Before there was Fallout, there was Wasteland. Now, thanks to the magic of Kickstarter, inXile Entertainment is resurrecting the property and giving players a world that evolves as they play.
Wasteland 2 is a post-apocalyptic role-playing game that takes place in an alternate reality where the world has been destroyed by a nuclear holocaust. A group of survivors, calling themselves the Desert Rangers, band together to help other survivors eke out their existence. Gamers who played the 1988 original will find cool homages to the series, but the game is also being designed to accommodate newcomers.
The game is a turn based RPG designed in the style of old school, team based titles. inXile has updated Wastelands old mechanics and skill systems, which might feel familiar to players of the original game. As players level up the members of their team, they have access to a variety of skills that let them pick locks, open up new lines of dialogue in conversations, hack computers, and dismantle and rebuild weapons.
The game’s story is pretty massive; the script alone features over 400,000 words and is still growing. However, the most impressive aspect of Wasteland 2 so far is how gamers are able to influence the story and shape the world around them.
For example, early on in our journey through the Wasteland demo at Gamescom, we ran into a character named Fred. Fred is a merchant, but he can’t sell us anything because his cart is stuck in a mud pit. After talking with Fred, we decide to help him out. One of our characters has a skill call brute force, which allows him to move heavy objects, so we use that character to move Fred’s cart. Now we can buy all kinds of great stuff from his shop.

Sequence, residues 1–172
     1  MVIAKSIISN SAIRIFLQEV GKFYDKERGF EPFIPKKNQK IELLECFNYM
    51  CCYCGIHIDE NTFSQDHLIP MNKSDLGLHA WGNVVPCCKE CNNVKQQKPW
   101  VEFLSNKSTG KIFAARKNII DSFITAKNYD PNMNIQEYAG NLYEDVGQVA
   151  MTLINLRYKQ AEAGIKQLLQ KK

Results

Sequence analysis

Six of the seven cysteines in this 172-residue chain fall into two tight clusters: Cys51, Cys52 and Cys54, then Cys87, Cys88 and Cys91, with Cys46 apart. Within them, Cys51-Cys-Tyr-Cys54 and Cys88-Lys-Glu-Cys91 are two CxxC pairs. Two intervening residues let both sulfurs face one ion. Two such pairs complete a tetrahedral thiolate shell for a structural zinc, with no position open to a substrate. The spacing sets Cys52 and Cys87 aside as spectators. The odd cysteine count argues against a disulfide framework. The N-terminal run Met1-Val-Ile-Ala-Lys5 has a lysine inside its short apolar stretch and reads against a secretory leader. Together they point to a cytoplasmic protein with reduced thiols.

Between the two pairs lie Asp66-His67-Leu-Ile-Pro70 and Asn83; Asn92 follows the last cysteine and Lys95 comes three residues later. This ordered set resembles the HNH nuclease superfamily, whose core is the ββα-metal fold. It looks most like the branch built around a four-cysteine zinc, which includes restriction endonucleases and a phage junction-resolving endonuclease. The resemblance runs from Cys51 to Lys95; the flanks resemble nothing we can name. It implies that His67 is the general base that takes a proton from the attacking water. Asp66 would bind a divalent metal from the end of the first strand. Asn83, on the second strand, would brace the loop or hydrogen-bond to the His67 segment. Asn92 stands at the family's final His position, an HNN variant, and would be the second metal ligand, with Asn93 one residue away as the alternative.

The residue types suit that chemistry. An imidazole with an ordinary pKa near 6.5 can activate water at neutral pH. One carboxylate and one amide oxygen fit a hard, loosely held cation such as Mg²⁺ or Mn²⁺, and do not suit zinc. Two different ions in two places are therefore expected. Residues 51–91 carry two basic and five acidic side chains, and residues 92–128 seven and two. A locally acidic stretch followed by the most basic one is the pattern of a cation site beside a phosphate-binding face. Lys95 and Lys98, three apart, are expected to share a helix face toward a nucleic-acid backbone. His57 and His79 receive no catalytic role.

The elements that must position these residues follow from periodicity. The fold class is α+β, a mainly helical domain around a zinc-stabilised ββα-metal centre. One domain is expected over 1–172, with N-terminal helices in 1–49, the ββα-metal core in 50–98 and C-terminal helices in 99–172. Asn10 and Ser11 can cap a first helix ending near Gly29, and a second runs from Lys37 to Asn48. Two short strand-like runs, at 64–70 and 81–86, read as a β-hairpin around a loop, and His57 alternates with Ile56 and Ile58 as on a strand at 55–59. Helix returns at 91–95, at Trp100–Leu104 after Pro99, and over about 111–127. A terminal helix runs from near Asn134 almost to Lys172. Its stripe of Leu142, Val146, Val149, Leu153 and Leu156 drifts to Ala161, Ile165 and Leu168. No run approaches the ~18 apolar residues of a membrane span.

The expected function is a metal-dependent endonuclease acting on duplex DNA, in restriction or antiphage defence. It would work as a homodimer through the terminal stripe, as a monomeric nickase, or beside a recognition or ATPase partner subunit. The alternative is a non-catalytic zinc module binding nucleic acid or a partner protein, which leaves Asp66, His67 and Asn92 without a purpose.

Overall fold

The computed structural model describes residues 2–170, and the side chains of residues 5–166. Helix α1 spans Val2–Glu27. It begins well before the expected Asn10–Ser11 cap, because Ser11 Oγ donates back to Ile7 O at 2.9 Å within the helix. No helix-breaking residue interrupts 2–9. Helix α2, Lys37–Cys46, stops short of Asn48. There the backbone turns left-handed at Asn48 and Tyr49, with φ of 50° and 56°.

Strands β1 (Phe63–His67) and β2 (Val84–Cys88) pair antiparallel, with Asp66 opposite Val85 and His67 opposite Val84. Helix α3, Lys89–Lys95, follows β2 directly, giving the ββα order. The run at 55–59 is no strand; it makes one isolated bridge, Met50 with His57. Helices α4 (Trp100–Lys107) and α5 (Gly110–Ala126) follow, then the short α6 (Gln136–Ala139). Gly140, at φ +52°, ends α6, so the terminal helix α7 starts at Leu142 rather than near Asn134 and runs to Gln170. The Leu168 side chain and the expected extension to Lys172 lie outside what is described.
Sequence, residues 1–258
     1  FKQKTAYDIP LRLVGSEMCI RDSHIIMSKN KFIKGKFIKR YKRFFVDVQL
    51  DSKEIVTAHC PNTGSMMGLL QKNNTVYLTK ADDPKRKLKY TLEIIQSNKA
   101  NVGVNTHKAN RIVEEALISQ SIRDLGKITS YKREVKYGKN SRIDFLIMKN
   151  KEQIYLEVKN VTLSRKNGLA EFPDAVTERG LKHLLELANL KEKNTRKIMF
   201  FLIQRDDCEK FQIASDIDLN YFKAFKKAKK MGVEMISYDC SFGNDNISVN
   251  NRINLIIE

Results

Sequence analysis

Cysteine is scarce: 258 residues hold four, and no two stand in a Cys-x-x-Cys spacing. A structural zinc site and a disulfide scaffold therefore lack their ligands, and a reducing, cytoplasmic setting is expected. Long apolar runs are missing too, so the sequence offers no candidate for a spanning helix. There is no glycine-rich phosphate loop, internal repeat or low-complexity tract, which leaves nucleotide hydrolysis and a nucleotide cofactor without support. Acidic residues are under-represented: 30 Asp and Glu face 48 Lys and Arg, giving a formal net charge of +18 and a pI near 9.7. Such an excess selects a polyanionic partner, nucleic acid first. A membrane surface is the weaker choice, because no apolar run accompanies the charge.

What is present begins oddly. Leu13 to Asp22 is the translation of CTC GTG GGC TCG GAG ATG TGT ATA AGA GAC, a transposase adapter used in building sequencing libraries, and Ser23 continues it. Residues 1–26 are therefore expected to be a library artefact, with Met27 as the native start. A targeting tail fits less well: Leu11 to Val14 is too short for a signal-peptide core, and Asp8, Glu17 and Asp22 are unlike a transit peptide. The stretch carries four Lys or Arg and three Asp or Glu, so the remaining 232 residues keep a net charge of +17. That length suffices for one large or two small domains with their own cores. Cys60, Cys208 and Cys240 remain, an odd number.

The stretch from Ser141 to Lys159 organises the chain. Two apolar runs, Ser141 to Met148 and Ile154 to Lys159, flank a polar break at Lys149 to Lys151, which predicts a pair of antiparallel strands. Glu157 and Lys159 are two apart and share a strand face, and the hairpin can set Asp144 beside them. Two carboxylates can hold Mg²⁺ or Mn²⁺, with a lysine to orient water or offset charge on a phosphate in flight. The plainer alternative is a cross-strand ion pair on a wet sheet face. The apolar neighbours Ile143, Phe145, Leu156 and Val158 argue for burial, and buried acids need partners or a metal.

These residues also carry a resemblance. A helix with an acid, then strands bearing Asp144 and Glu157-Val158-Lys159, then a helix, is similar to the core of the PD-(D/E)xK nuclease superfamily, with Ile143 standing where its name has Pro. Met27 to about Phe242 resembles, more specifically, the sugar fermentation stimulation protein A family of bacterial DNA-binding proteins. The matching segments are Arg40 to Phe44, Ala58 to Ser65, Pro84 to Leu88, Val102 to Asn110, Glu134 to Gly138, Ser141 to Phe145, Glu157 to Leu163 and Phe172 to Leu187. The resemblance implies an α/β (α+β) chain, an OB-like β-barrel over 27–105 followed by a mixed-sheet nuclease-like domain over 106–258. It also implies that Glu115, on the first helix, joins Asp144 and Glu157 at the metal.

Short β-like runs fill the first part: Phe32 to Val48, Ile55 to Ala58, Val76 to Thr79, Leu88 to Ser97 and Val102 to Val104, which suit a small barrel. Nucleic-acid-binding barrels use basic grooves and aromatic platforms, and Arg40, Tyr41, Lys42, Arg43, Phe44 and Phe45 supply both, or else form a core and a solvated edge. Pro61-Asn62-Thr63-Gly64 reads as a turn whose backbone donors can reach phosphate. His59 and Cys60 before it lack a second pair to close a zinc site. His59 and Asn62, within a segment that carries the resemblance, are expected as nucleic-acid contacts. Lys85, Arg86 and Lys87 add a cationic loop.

Wasteland 2’s world is persistent and evolving. Since we helped Fred, we’ll likely run into him again a few hours down the road, and he’ll have better stuff to trade for. However, players can choose to kill any person in the game. If we killed Fred instead of helping him, for example, we’d never see him again. Alternatively, if we killed his goat, he’d be pissed at us for the rest of the game. Wasteland 2 has no karma bar or morality meter; no one is judging players for the actions they take, but the world reacts to what they do in logical ways.
Your own crew can be a diverse cast of characters. Players are able to recruit dozens of different characters into their party, but each person has different abilities and drawbacks. Your best lockpicker, for example, might be great at stealing things, but he might also be stealing from you. Do you want to keep him around? One of your best fighters might also be a drunk and a bear to deal with. Can you keep a leash on him?
Thanks to Wasteland 2’s diversity of choice, it’s virtually impossible for two players to play through the game and have the same experience. We only got a taste for the open world that awaits us in Wasteland 2, but we’re excited to see how its world will react to our actions when the game comes out, no sooner than the end of this year.